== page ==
by Rosemary Gray-Snelgrove
Conflict – a recurring theme in this and other blogs. How do we deal with it, how do we humanize the Other, the one we want to poke in the nose? How do we get what we want without resorting to violence (violence? like I would know how). Or by means other than cheating, stomping on the Other’s rights, being a bully (and creating more conflict)?
I haven’t been able to empty my mind to let this week’s Blog take shape. Usually strands of thought coalesce around a particular stimulus and there it is – the topic I’m going to try to write fewer than 500 words about (haven’t yet succeeded). But this week, my head has been buried in a real-life situation echoing a fixture from the late-night detective and law and order shows I still watch avidly – a court case, of sorts.
In this case, my task is to get into the head space of the person bringing charges, to anticipate what the main arguments might be. This has taken over whatever mental processes are available to me now I’m no longer receiving pay cheques. (I do think that retirement nurtures a more creative and free, but not particularly efficient, Mind).
So because I want to stay in touch with you, dear reader, I’m going to try to let you in on what I’m working on. It’s helping prepare a ‘case’ defending an organization from which a former client wants a small pile of money for grievances. The litigant is someone who has a gift for creating conflict around himself.
The Lover of Conflict
I know such people – lovers of conflict – who function among us, but I think as we get older, we choose to avoid spending a lot of time with them. And are startled when we run into them again. And have to give lots of mental energy to understanding how they are thinking. And what they really want.
Individuals of this temperament draw others to themselves through their energy, presence, intelligence, verbal ability. Strong personalities, I’ve noticed. They are potentially contributors to a better world – they have the goods to make positive things happen. But until they get the quirks out – which may be never – they cause lots of trouble for other people
I am allowing myself a couple of paragraphs of negative description. Must need the outlet because trying to negotiate with a Conflict Lover requires repression of feeling. So you’re getting it instead.
They stir up dissension all around. It seems a matter of pushing a little hard to get more out of a situation than the situation has to give. Or of complaining that someone else is getting more than they are. Simply put, if the rules say “No more than three of these free loaves of bread per household”, they’ll argue that they should have five because they have more at home to feed than does the neighbour.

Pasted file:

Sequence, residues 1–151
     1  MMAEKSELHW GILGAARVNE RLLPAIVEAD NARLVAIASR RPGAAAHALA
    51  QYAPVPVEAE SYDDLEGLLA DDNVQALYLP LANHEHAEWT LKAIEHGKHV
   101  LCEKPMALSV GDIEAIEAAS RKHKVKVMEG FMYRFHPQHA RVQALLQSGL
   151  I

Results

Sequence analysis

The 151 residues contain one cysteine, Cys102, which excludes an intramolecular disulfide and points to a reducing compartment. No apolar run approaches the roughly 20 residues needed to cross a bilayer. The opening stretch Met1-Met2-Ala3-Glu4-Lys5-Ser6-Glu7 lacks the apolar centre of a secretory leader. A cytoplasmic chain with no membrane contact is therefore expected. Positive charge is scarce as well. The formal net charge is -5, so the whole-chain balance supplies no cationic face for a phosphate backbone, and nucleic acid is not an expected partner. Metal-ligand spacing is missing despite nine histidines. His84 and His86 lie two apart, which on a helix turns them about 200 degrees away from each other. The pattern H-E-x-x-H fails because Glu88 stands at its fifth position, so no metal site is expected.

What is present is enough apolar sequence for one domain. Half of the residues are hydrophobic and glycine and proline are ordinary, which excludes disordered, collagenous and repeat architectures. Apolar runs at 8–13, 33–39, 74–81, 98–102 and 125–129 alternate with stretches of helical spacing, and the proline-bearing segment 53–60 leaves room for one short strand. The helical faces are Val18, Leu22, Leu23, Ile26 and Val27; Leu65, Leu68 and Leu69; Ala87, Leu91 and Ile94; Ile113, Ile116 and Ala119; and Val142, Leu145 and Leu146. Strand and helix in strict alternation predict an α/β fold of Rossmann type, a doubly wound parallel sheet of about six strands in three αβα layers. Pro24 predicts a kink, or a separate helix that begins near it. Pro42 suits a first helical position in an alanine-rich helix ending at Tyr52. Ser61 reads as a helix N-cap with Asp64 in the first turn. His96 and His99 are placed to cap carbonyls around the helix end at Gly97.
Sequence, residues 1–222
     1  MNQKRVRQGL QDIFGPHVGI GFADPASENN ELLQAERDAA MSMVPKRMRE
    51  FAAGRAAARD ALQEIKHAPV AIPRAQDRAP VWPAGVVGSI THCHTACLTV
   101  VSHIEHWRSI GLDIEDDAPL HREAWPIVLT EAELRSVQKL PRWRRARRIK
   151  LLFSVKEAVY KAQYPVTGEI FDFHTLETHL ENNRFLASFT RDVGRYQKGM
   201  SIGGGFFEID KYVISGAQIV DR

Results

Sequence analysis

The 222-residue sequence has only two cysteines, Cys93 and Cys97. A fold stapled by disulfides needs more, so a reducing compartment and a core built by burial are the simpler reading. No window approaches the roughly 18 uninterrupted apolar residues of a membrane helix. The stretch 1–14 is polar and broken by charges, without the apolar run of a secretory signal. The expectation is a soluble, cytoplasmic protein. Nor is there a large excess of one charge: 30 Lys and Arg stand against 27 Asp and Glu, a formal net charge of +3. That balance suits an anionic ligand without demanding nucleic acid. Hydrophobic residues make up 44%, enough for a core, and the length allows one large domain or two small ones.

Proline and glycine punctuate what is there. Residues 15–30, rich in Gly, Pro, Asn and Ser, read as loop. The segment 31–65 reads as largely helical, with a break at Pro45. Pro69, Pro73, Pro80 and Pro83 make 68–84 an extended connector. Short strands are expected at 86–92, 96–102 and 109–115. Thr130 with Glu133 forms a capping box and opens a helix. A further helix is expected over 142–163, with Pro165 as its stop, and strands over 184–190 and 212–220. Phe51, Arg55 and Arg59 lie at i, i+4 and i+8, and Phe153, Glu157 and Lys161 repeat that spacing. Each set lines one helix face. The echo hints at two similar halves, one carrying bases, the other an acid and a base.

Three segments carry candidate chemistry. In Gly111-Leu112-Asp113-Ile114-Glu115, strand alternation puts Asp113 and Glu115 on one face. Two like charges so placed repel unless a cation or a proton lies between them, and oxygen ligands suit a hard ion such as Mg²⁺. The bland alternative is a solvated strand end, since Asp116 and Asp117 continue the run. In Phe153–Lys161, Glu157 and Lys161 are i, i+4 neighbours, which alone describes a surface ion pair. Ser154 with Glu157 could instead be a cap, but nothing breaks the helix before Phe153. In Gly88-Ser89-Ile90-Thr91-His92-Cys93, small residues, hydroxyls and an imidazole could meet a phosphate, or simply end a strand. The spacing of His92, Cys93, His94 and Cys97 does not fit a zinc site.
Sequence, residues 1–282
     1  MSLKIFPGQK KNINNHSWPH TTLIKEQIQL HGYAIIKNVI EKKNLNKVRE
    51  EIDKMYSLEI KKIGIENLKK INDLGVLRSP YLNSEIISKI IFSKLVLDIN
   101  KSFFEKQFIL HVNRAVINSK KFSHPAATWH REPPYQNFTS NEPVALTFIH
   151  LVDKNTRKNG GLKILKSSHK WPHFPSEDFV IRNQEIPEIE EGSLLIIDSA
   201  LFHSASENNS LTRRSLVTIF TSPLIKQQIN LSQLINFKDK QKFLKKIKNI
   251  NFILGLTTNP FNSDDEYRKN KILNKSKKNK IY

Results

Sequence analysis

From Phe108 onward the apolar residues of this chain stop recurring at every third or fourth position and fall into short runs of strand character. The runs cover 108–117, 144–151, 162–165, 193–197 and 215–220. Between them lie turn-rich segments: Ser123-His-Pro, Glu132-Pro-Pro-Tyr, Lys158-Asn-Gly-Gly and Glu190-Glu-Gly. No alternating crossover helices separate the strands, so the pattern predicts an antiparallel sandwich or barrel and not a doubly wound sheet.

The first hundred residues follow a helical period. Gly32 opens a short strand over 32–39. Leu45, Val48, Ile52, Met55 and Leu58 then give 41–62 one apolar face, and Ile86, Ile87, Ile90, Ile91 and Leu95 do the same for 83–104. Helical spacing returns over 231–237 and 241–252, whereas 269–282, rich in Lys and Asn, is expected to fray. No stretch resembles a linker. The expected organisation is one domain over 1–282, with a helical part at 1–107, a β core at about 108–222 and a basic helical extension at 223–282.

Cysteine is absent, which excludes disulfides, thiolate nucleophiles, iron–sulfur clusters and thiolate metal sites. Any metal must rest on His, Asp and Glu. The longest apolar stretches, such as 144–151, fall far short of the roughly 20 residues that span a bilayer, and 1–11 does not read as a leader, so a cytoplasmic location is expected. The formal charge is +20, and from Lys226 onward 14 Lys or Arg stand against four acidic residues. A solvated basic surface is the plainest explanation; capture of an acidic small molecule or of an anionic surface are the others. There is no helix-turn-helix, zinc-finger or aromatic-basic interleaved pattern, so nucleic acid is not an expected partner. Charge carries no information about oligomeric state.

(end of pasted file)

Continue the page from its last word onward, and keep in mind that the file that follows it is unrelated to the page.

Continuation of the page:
Escalating the Stakes
With greater success at being winners, they go for bigger game. “Let’s try law suits”. There’s an arena for conflict, writ large, where they can maybe come away with some money.
“If the place that gave me shelter and support raised my rent when I got work even though I needed the money for new expenses – go after them! And if they didn’t tell me enough abut the income rules when I moved in, maybe I can take them to that Small Claims Court I’ve heard about. And isn’t there something called a Rental Tribunal?”
A little learning about the right terminology comes with the game of litigation and representing oneself as a victim can be done skillfully.
And once into the big game of suing and going for bigger money, I can get myself into the papers with my stories!!
The temptation is to see the Lover of Conflict as an Other – someone far out of one’s own orbit. Ah, but I know that’s not the truth. It’s why I’m always imagining Continuums. It’s a more true way of seeing. It places the awful qualities that may indeed be out there onto the extreme end of fine qualities. A ‘good’ taken to an extreme to become a ‘bad’. And I’m capable of being positioned anywhere along the continuum, given the right circumstances. That’s the reality.
So that guy who wants to sue to get his just deserts is an extreme of trying hard to always be fair. Good, but it can go nuts taken to extremes. He has to be controlled in his case – doesn’t deserve a pile of money for having been supported and cared for. But he needn’t become a pariah either.
Ah, but he’s a pain in the whatnot!!!
Once again, Leonard nails it:
We find ourselves on different sides
Of a line that nobody drew
Though it all may be one in the higher eye
Down here where we live it is two.
I to my side call the meek and the mild
You to your side call the Word
By virtue of suffering I claim to have won
You clam to have never been heard.
Leonard Cohen, Different Sides